The CRC 1585 "MultiTrans" (an abbreviation for "Structured functional materials for multiple transport in nanoscale confinements") is based on the observation that the structuring of materials on the nanometre scale has a decisive influence on how electrons, ions, molecules and heat travel within them. Initially, the research will focus on these four important carrier types, which flow simultaneously but not necessarily in the same direction. Nanostructuring generates a variety of interactions between the carrier flows, the materials, and the involved interfaces. Such interactions, which have by far not been understood, are the focus of the CRC. The synergistic research within the endeavour that relates the behaviour of electrons, ions, molecules and heat is expected to lead to a vital and fundamental understanding of transport in tailored environments. The latest scientific methods, e.g. from the field of artificial intelligence, will support these analyses. The long-term vision of the CRC is to be able to control all transport streams in nanostructured materials in a targeted and coordinated manner.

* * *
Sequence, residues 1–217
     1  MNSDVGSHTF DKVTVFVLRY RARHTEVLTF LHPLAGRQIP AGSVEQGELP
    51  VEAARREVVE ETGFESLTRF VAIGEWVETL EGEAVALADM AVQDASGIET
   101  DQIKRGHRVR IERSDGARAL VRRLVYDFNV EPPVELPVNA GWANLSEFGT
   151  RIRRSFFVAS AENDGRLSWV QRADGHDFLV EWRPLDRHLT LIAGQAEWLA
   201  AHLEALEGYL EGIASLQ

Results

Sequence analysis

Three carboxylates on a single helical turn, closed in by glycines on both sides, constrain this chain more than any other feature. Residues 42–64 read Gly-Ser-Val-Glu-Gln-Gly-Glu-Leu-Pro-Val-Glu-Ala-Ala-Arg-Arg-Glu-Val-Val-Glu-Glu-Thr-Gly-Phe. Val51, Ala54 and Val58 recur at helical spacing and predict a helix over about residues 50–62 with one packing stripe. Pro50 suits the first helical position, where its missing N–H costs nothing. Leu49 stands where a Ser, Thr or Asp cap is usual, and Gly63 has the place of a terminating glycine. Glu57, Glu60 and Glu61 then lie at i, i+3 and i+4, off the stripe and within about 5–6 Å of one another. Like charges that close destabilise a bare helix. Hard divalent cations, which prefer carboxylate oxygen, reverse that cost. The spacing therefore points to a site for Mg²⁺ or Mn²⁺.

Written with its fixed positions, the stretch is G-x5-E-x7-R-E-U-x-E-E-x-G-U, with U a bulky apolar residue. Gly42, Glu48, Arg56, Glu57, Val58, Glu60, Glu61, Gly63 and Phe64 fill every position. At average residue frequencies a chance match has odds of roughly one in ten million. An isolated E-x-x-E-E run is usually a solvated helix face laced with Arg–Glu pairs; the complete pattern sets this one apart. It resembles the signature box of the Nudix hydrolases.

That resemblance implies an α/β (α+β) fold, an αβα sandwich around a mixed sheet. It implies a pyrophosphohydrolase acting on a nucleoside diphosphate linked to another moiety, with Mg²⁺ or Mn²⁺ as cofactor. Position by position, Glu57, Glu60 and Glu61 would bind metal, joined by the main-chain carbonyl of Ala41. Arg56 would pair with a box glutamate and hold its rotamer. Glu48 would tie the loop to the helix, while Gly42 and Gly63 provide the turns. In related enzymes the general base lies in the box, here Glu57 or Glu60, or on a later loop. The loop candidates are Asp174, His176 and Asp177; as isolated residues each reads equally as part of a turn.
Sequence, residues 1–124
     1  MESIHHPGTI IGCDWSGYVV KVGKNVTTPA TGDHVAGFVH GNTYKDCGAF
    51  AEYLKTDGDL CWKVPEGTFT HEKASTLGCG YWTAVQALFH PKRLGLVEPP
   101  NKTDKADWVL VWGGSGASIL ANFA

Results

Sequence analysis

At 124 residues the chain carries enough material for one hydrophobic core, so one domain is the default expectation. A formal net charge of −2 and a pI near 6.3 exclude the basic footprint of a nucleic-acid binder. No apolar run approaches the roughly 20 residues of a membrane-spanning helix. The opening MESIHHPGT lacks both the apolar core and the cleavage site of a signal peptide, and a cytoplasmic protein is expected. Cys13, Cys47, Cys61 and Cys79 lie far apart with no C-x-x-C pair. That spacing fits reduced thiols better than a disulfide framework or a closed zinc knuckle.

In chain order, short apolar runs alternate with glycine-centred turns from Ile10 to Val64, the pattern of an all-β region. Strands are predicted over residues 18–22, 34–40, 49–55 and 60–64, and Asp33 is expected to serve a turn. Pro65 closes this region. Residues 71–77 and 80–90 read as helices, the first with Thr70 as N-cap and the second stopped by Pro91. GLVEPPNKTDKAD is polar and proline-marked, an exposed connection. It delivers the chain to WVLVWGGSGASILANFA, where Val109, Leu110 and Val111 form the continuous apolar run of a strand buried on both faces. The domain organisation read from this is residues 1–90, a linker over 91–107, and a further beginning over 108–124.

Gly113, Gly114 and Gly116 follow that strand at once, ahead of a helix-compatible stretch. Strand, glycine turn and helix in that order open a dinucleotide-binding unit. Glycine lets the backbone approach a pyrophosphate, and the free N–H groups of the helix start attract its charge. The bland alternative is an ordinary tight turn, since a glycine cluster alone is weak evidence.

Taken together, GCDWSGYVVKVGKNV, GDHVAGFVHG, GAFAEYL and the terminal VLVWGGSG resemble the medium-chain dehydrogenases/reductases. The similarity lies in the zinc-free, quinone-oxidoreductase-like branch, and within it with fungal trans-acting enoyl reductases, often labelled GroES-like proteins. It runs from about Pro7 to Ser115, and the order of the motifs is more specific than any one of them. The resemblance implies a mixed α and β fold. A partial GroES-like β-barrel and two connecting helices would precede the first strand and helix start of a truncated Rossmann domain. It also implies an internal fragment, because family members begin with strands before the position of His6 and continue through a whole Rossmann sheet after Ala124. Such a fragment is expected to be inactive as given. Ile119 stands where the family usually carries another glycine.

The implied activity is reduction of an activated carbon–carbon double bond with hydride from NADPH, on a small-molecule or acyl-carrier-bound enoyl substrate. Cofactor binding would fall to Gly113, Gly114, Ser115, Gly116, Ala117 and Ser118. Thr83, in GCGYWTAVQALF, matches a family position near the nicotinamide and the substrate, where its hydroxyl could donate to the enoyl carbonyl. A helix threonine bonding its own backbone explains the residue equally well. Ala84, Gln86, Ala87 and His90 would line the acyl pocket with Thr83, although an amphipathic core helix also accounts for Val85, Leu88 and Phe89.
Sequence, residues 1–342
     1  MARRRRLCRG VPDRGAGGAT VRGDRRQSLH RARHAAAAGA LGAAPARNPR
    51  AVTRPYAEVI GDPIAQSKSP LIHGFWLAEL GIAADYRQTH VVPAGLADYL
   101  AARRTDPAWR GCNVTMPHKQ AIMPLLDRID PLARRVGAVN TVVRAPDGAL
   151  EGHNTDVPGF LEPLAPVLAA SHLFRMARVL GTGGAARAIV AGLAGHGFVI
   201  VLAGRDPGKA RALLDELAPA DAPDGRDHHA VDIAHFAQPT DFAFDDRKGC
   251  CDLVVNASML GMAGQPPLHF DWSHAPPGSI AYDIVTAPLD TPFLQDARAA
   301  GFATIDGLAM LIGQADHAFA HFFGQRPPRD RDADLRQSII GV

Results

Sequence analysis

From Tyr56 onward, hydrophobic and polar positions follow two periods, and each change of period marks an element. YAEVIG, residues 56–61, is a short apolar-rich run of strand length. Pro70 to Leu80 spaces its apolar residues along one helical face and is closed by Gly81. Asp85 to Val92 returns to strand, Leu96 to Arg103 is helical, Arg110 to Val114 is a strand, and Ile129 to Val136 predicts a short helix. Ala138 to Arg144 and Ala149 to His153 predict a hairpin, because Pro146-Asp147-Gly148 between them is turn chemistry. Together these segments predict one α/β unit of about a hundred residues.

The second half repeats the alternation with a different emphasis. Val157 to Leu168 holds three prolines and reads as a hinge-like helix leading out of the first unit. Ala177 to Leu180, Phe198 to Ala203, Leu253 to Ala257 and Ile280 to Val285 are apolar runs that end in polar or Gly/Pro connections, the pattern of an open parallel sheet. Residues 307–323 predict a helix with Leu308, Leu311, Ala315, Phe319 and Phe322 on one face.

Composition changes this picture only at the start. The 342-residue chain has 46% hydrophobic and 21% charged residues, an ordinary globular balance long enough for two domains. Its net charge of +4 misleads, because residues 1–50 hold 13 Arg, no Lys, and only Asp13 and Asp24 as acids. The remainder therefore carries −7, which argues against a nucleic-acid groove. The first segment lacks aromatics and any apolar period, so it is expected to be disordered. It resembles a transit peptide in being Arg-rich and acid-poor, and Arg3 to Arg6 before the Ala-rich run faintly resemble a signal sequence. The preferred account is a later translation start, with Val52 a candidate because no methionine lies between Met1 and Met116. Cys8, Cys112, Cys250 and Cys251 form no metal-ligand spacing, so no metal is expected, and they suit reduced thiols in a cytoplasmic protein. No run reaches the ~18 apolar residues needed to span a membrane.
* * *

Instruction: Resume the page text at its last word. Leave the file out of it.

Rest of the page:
Molecules and ions can move along distinct pathways within porous covalent-organic networks and other porous materials, which is exemplified in this model structure by fog and a laser beam.

"The findings emerging from the CRC can and should be a springboard for far-reaching improvements to existing energy technologies. Above all, however, they have the potential to advance the development of completely new materials for a sustainable energy economy. With this joint goal in mind, numerous research teams on the Bayreuth campus will be working together intensively, building bridges from basic research to innovative application perspectives," explains Prof. Dr. Jürgen Senker, spokesperson of the CRC and Chair of Inorganic Chemistry III at the University of Bayreuth.